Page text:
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Cadmium, carotid atherosclerosis, and incidence of ischemic stroke

Borné, Yan LU ; Fagerberg, Björn; Persson, Margaretha LU ; Östling, Gerd LU ; Söderholm, Martin LU ; Hedblad, Bo LU ; Sallsten, Gerd; Barregard, Lars and Engström, Gunnar LU (2017) In Journal of the American Heart Association 6(12).
Abstract

Background--Exposure to cadmium has been associated with carotid plaques, inflammation in carotid plaques, and increased risk of ischemic stroke. This study examined the separate and interacting effects of blood cadmium levels and carotid plaques on the risk of incident ischemic stroke. Methods and Results--Cadmium levels were measured in 4156 subjects (39.2% men; mean ± SD age 57.3 ± 5.9 years) without history of stroke, from the Malmö Diet and Cancer cohort. The right carotid artery was examined using B-mode ultrasound examination at baseline. Incidence of ischemic stroke was monitored over a mean follow-up of 16.7 years. Carotid plaque was present in 34.5% of participants. Cadmium was significantly higher in subjects with plaque... (More)

Background--Exposure to cadmium has been associated with carotid plaques, inflammation in carotid plaques, and increased risk of ischemic stroke. This study examined the separate and interacting effects of blood cadmium levels and carotid plaques on the risk of incident ischemic stroke. Methods and Results--Cadmium levels were measured in 4156 subjects (39.2% men; mean ± SD age 57.3 ± 5.9 years) without history of stroke, from the Malmö Diet and Cancer cohort. The right carotid artery was examined using B-mode ultrasound examination at baseline. Incidence of ischemic stroke was monitored over a mean follow-up of 16.7 years. Carotid plaque was present in 34.5% of participants. Cadmium was significantly higher in subjects with plaque (mean ± SD: 0.53 ± 0.58 lg/L versus 0.42 ± 0.49 lg/L; P < 0.001). A total of 221 subjects had ischemic stroke during the follow-up. Incidence of ischemic stroke was associated both with carotid plaque (hazard ratio 1.44, 95% confidence interval, 1.09-1.90, P=0.009) and cadmium (hazard ratio for quartile [Q] 4 versus Q1-3: 1.95, confidence interval, 1.33-2.85, P=0.001), after adjustment for risk factors. There was a significant interaction between cadmium and plaque with respect to risk of ischemic stroke (P=0.011). Adjusted for risk factors, subjects with plaque and cadmium in Q4 had a hazard ratio of 2.88 (confidence interval, 1.79-4.63) for ischemic stroke, compared with those without plaque and cadmium in Q1 to Q3. Conclusions--Cadmium was associated with incidence of ischemic stroke, both independently and in synergistic interaction with carotid plaques. This supports the hypothesis that cadmium promotes vulnerability of carotid plaques, thereby increasing the risk of rupture and ischemic stroke.

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author
organization
publishing date
type
Contribution to journal
publication status
published
subject
keywords
Arteriosclerosis, Cadmium, Incidence, Ischemic stroke, Plaque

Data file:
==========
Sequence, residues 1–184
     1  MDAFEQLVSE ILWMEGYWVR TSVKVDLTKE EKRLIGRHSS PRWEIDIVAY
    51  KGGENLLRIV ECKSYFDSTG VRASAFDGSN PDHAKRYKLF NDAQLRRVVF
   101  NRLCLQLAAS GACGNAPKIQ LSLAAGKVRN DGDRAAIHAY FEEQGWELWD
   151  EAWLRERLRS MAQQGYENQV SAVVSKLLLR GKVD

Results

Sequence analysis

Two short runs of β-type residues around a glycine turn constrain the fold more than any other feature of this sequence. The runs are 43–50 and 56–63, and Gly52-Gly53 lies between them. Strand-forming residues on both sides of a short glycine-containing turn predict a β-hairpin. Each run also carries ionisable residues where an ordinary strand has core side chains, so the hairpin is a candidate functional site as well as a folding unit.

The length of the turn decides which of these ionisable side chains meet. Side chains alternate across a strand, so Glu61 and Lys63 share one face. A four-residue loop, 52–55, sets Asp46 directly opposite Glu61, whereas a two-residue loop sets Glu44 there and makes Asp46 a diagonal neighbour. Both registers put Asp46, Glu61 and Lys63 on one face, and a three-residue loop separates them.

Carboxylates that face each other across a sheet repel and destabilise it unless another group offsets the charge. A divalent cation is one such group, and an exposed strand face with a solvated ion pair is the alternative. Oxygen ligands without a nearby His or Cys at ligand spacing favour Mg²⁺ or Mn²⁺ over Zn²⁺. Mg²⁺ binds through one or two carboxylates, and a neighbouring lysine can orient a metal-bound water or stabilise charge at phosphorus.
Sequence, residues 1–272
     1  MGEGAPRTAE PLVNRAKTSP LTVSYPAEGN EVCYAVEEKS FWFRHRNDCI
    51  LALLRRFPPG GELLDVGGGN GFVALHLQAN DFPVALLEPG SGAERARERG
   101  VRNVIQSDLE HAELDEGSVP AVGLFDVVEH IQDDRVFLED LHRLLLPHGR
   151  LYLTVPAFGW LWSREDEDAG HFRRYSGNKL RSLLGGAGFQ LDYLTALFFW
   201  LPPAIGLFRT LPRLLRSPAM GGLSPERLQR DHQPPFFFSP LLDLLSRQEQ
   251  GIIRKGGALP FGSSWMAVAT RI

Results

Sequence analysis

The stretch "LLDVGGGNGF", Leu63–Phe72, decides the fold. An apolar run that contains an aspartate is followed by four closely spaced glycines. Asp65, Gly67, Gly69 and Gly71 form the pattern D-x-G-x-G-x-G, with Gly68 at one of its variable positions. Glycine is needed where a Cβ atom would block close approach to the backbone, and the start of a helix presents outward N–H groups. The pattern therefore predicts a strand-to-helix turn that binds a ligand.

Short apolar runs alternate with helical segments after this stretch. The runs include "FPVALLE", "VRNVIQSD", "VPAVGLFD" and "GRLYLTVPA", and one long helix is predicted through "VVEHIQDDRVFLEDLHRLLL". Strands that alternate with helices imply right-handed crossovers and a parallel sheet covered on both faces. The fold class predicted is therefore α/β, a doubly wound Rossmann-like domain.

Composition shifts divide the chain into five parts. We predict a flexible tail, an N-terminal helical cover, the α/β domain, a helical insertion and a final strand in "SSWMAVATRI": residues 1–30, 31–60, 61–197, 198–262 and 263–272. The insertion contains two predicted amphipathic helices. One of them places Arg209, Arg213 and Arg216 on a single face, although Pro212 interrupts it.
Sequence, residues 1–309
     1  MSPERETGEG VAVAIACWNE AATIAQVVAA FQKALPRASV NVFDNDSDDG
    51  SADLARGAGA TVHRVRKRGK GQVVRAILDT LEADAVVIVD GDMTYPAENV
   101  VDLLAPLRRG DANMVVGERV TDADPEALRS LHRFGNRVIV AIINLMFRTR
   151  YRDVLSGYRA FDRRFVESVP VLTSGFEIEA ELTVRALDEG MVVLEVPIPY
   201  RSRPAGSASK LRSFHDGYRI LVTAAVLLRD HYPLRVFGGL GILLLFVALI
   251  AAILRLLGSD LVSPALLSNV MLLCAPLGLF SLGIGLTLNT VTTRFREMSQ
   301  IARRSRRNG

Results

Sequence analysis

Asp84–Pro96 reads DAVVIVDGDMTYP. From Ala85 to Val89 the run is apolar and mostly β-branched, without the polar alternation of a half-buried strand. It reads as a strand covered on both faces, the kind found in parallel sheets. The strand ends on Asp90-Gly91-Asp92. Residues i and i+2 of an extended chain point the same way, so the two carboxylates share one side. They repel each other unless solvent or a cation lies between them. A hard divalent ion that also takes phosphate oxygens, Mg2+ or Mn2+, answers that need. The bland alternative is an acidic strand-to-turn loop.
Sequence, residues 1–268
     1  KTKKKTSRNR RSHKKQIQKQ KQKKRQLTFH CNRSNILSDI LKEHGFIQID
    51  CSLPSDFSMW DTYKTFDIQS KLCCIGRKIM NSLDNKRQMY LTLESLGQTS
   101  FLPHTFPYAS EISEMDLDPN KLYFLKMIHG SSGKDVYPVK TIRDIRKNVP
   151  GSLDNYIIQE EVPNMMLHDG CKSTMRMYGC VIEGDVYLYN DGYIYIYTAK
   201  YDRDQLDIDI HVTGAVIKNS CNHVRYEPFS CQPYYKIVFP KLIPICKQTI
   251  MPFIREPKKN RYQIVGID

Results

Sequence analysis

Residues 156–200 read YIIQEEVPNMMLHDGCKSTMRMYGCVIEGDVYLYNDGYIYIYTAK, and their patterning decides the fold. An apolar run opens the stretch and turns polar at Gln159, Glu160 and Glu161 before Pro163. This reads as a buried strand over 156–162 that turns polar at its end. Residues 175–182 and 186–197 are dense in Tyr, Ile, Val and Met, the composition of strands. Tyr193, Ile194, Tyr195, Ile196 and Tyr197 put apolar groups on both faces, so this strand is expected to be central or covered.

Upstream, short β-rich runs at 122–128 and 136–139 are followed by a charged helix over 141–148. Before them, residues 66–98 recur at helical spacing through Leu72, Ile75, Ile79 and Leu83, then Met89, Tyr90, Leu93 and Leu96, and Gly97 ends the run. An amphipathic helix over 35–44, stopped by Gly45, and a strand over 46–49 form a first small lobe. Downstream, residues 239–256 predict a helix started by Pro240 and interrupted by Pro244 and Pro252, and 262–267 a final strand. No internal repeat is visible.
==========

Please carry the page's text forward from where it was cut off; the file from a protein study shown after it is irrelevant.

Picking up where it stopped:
in
Journal of the American Heart Association
volume
6
issue
12
publisher
Wiley-Blackwell
external identifiers
  • scopus:85038877436
ISSN
2047-9980
DOI
10.1161/JAHA.117.006415
language
English
LU publication?
yes
id
c988418a-d2bf-488d-ad9b-b7dc0713d693
date added to LUP
2018-01-10 12:16:28
date last changed
2018-04-12 03:00:10
@article{c988418a-d2bf-488d-ad9b-b7dc0713d693,
  abstract     = {<p>Background--Exposure to cadmium has been associated with carotid plaques, inflammation in carotid plaques, and increased risk of ischemic stroke. This study examined the separate and interacting effects of blood cadmium levels and carotid plaques on the risk of incident ischemic stroke. Methods and Results--Cadmium levels were measured in 4156 subjects (39.2% men; mean ± SD age 57.3 ± 5.9 years) without history of stroke, from the Malmö Diet and Cancer cohort. The right carotid artery was examined using B-mode ultrasound examination at baseline. Incidence of ischemic stroke was monitored over a mean follow-up of 16.7 years. Carotid plaque was present in 34.5% of participants. Cadmium was significantly higher in subjects with plaque (mean ± SD: 0.53 ± 0.58 lg/L versus 0.42 ± 0.49 lg/L; P &lt; 0.001). A total of 221 subjects had ischemic stroke during the follow-up. Incidence of ischemic stroke was associated both with carotid plaque (hazard ratio 1.44, 95% confidence interval, 1.09-1.90, P=0.009) and cadmium (hazard ratio for quartile [Q] 4 versus Q1-3: 1.95, confidence interval, 1.33-2.85, P=0.001), after adjustment for risk factors. There was a significant interaction between cadmium and plaque with respect to risk of ischemic stroke (P=0.011). Adjusted for risk factors, subjects with plaque and cadmium in Q4 had a hazard ratio of 2.88 (confidence interval, 1.79-4.63) for ischemic stroke, compared with those without plaque and cadmium in Q1 to Q3. Conclusions--Cadmium was associated with incidence of ischemic stroke, both independently and in synergistic interaction with carotid plaques. This supports the hypothesis that cadmium promotes vulnerability of carotid plaques, thereby increasing the risk of rupture and ischemic stroke.</p>},
  articleno    = {e006415},
  author       = {Borné, Yan and Fagerberg, Björn and Persson, Margaretha and Östling, Gerd and Söderholm, Martin and Hedblad, Bo and Sallsten, Gerd and Barregard, Lars and Engström, Gunnar},
  issn         = {2047-9980},
  keyword      = {Arteriosclerosis,Cadmium,Incidence,Ischemic stroke,Plaque},
  language     = {eng},
  month        = {12},
  number       = {12},
  publisher    = {Wiley-Blackwell},
  series       = {Journal of the American Heart Association},
  title        = {Cadmium, carotid atherosclerosis, and incidence of ischemic stroke},
  url          = {http://dx.doi.org/10.1161/JAHA.117.006415},
  volume       = {6},
  year         = {2017},
}